In what must have sounded like the ultimate humblebrag, I used to complain that I was no good at watching TV. Oh yes, I enjoyed a PBS or BBC series now and again, but that hardly counts. What everyone was watching (The West Wing? Friends?), I couldn’t make myself watch. It wasn’t always that way. In the 1990s I planned my evenings around The X Files, Twin Peaks, and the first few years of Survivor. In the 1980s people knew not to call me on Thursday nights (Knot’s Landing) or at 10:30 (Mary Tyler Moore reruns). Some of my fondest childhood memories involve TV shows (Get Smart, Bewitched, The Addams Family, Gilligan’s Island, Mission Impossible, Bonanza … the list is endless).
But now, all of a sudden, I’m back in front of the TV, both enjoying the entertainment and feeling puzzled. The old, good TV often involved good things happening to good people – things did tend to work out nicely for Mary Tyler Moore. Or bad things happening to bad people – the villains got caught on Mission Impossible and Bonanza. But today, for some reason, TV audiences want to mix it up. We’re entertained by the misfortunes of good people, but even more by the successes of bad people.
I get this, when it comes to Breaking Bad, which must be the most addictive TV show ever made. Walter White (Bryan Cranston) starts out as a good but uninspired husband, father, and chemistry teacher and then “breaks bad” after he’s diagnosed with cancer. He must find the money to pay for top-dollar medical treatments, having refused the help of a rich former business partner. One day, while tagging along with his drug enforcement agent brother-in-law, he stumbles upon a solution: cooking meth with small-time drug dealer Jesse Pinkman (lovably played by Aaron Paul). It turns out Walter is a superb meth cook, but now he has to learn to navigate the violent drug trade in Albuquerque and south of the border. He becomes good at that too – his exploits are a perfect example of what philosopher Gwen Bradford calls “evil achievements”. He’s a huge success – at stuff he shouldn’t be doing.
The fascinating thing is that Walter’s badness doesn’t make him altogether bad or unlikeable until well into the fourth or fifth season. Curiously – and contrary to what we learned at Aristotle’s knee – crime actually makes Walter flourish in some ways. He starts to be more competent, better at teaching chemistry, better in bed with his wife, more fun as a father, stronger, and better looking. His moral compass isn’t entirely broken at first; it still sets limits on what he’s prepared to do. Very gradually it starts to malfunction, as he more fully occupies the role of “Heisenberg”, the invincible meth king. It’s amazing how the show preserves Walter’s likeability and even some degree of respectability for so long, a mark of the show’s fine writing and acting. We do want good things to happen to this increasingly bad person, practically to the very end. The show masterfully puts us in that strange state of mind.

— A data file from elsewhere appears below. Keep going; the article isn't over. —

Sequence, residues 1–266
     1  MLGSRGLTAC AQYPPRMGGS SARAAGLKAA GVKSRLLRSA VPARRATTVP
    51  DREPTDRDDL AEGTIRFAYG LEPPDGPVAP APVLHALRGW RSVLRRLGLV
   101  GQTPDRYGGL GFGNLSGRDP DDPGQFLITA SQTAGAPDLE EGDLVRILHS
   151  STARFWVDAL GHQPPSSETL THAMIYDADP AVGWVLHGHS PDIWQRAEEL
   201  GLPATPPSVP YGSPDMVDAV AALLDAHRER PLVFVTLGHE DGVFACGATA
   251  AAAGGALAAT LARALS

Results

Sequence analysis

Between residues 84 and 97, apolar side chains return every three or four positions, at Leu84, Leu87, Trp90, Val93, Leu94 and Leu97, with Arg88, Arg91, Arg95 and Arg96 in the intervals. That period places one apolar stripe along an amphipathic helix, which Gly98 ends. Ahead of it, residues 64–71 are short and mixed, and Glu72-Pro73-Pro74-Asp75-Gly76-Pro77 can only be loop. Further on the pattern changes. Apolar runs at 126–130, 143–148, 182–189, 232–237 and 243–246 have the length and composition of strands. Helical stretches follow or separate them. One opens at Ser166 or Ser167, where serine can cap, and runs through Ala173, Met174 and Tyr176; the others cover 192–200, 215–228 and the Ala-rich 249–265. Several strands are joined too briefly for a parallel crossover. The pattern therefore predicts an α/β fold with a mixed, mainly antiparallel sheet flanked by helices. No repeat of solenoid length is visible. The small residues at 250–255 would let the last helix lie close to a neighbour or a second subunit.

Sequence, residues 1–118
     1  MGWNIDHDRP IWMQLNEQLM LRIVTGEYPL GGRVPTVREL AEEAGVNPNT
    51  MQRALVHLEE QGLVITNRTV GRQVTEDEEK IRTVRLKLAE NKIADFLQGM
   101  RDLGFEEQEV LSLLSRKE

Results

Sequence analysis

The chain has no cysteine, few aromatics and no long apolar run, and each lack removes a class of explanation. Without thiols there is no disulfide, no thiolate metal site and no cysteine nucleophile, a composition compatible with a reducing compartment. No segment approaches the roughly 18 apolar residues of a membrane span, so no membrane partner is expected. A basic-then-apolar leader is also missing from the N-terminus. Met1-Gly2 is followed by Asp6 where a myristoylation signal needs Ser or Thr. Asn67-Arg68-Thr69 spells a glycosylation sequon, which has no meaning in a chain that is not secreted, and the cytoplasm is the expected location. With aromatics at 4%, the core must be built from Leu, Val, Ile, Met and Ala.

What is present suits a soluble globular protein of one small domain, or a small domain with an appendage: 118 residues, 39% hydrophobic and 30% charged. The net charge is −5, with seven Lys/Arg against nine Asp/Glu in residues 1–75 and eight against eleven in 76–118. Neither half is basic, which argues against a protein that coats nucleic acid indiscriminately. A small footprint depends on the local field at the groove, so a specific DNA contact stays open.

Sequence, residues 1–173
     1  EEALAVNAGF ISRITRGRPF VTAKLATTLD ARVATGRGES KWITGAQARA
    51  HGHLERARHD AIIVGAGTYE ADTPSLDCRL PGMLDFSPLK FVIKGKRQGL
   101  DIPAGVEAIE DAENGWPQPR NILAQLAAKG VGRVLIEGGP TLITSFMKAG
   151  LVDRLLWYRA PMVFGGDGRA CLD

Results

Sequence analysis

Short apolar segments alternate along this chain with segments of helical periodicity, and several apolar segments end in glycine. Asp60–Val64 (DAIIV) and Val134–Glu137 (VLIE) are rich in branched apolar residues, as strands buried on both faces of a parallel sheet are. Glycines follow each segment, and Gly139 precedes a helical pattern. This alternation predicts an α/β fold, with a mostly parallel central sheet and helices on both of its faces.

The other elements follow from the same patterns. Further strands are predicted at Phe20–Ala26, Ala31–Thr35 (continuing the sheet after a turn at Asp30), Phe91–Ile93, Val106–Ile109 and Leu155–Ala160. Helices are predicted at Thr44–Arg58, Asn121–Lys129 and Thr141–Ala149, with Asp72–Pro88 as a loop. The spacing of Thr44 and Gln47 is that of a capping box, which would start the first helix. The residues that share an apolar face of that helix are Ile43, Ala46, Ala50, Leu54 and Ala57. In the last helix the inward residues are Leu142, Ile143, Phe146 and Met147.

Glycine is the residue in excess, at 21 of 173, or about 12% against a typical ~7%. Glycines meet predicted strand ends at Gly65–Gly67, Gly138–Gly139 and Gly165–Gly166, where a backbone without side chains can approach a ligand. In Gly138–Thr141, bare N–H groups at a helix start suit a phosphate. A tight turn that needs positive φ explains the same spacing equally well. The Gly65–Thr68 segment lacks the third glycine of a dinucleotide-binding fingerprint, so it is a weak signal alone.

When Breaking Bad came to an end, I cast about for something to fill the void and discovered House of Cards, the less addictive but still riveting Netflix series. House of Cards also treats the viewer to richly rewarded badness but in the setting of elegant Washington DC and the halls of presidential and congressional power. Frank (Kevin Spacey) is Democratic House majority whip, a totally Machiavellian schemer who will do anything to anyone to gain more political power. His wife Claire (Robin Wright) is a cold, conniving beauty, always ready to support Frank’s latest scheme. The two of them are never conflicted, never remorseful. They barrel down the road to greater power, crushing anyone in their path. Other characters are set up to be particularly weak and vulnerable, only to make their downfall at the hands of the Underwoods that much more disturbing/delicious.
I’m pretty sure we’re supposed to look forward to the day when the Underwoods receive their just deserts, and I’m pretty sure that day will come. Meanwhile, we’re supposed to find them amusingly debonair and crafty. When they do something detestable, we’re supposed to enjoy finding them detestable. Seeing these evil-doers succeed is supposed to be a thrill. Only it doesn’t work for me, because the Underwoods are too thoroughly bad. They don’t “break bad” for understandable reasons, but simply are bad, through and through. They’re simply vile.
Suffused with references to drug chemistry, Breaking Bad actually has something interesting to say about the chemistry of evil – where it comes from, what it can be combined with, when it drowns out good, when it doesn’t. It can make sense to cheer for a flawed character but House of Cards proves it doesn’t always.